Jacob Robinson wrote on a note card in 1993 that if it was up to him, he would put a Super Nintendo and all its games into a time capsule.
He first wrote that he would put his sister into the time capsule, but that answer was scratched out.
Fortunately, Robinson’s sister did not crawl out of the time capsule when Northside Intermediate School Principal Jon Lyon opened a 25-year-old container Friday morning during the school’s 25th anniversary celebration.
Northside opened Aug. 28, 1993, to alleviate an overcrowded middle school. The school was built after a $5 million referendum passed by 70 votes in 1991, following an unsuccessful referendum to renovate the high school and build a new elementary school, according to Gazette archives.
Lyons told a gymnasium full of fourth-, fifth- and sixth-graders Friday that in 1993 Bill Clinton was president, ‘Jurassic Park’ opened in theaters, Bill Nye the Science Guy’s TV show premiered and Lyons was in fourth grade.
Nye got the most cheers from the crowd.
Inside the time capsule were a paper chain created by students, a ballot for students to vote on school colors and a mascot, the first student handbook, editions of The Gazette and The Milton Courier and note cards from the first crop of students saying what they would put in the time capsule.
The capsule had been hiding for 25 years behind the brick in the entryway of the school that has 1993 written on it, right below the Milton Northside Intermediate sign.
Steve Bloom, who was principal when Northside opened, said he was “very blessed” to have been brought on by the district to open the school.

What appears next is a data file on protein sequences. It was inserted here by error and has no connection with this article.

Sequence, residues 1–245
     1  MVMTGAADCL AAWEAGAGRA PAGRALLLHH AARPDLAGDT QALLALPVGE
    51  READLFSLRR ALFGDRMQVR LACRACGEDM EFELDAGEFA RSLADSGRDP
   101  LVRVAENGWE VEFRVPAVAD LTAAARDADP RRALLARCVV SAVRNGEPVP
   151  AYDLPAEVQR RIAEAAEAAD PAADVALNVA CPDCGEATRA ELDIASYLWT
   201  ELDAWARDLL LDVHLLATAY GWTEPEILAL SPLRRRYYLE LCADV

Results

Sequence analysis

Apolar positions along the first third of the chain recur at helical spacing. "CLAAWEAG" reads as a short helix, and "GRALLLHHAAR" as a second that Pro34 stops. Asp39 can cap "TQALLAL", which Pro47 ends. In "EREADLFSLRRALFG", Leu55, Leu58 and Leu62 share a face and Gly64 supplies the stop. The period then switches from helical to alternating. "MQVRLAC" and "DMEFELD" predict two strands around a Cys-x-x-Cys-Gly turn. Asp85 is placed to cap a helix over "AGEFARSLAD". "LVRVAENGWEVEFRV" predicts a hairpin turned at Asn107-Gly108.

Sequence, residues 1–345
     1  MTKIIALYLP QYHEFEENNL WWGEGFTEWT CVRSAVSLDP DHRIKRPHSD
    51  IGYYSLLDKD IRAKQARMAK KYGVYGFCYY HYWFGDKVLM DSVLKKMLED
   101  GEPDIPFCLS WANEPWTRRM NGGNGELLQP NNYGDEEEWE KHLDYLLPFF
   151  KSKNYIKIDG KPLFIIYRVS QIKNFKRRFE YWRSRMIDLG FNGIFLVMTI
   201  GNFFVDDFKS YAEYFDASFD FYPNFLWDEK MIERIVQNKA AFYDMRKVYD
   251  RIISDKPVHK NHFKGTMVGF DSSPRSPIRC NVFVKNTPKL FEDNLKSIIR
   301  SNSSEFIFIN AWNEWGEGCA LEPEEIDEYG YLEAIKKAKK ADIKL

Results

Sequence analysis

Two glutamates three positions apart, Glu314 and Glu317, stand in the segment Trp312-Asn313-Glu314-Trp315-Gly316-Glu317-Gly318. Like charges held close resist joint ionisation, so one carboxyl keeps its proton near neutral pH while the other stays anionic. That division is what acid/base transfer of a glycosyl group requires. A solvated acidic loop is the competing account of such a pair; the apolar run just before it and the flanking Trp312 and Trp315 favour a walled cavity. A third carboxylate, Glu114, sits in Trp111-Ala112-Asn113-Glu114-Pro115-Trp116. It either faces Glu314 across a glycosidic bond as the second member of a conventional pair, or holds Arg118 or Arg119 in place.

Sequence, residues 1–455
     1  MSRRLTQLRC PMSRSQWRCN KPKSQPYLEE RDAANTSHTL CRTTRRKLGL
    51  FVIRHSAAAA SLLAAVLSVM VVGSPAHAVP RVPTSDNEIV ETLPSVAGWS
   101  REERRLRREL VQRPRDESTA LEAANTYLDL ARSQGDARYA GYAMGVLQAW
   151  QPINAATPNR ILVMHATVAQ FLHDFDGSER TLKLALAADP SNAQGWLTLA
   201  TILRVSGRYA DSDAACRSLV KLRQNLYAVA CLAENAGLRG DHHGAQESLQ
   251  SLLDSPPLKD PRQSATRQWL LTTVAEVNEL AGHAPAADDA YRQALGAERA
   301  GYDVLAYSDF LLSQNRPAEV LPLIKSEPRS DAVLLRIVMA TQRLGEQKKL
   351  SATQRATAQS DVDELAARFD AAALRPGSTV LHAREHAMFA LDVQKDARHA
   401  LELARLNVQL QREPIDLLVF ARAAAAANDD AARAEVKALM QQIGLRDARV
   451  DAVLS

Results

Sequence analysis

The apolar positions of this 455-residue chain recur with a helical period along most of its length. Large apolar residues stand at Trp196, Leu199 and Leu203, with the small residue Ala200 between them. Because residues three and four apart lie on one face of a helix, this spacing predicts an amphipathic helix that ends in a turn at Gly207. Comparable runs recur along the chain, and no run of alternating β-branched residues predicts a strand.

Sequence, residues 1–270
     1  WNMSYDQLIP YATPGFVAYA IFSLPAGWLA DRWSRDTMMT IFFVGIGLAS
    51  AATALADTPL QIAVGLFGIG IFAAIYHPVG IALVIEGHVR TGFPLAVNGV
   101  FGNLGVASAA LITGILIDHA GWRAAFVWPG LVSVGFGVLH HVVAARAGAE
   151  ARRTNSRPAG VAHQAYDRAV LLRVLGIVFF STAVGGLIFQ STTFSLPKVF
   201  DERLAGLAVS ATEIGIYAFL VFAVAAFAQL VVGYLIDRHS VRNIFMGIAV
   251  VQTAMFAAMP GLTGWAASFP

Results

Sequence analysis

About two dozen former students and staff members who were at the school when it opened spoke to current students about their favorite parts of the new school.
Carpeting, air conditioning and the computer lab were the most popular commodities mentioned Friday. Robinson remembered kids peeling salamanders from underneath sod on their way to and from school.
When 2019 students are asked what they remember most from Northside in 25 years, they might remember a Cheeto instead of the capsule.
Physical education teacher Seth Ide said he and teacher Nicole Bierderwolf found a Cheeto in the gym at the beginning of the year. They told students if the Cheeto was still there at the end of the year, he would eat it.
Friday was the last day of school, and Ide was loyal to his promise, causing whoops, hollers, laughter and some grimaces among the crowd of youngsters.
The Cheeto consumption might back up Lyon’s notion that Northside is a “special place.”
“It is a place where all students from (all elementary schools) come together for the first time,” Lyon said.